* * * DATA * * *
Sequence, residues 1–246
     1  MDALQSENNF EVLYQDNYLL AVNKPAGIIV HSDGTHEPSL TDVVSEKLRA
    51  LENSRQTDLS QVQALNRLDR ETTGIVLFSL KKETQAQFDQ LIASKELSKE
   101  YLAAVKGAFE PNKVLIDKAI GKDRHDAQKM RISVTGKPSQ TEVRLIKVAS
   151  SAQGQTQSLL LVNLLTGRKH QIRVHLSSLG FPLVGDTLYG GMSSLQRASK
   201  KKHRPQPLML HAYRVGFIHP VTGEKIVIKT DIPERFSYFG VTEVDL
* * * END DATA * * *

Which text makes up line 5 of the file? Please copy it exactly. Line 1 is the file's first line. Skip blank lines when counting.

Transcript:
   151  SAQGQTQSLL LVNLLTGRKH QIRVHLSSLG FPLVGDTLYG GMSSLQRASK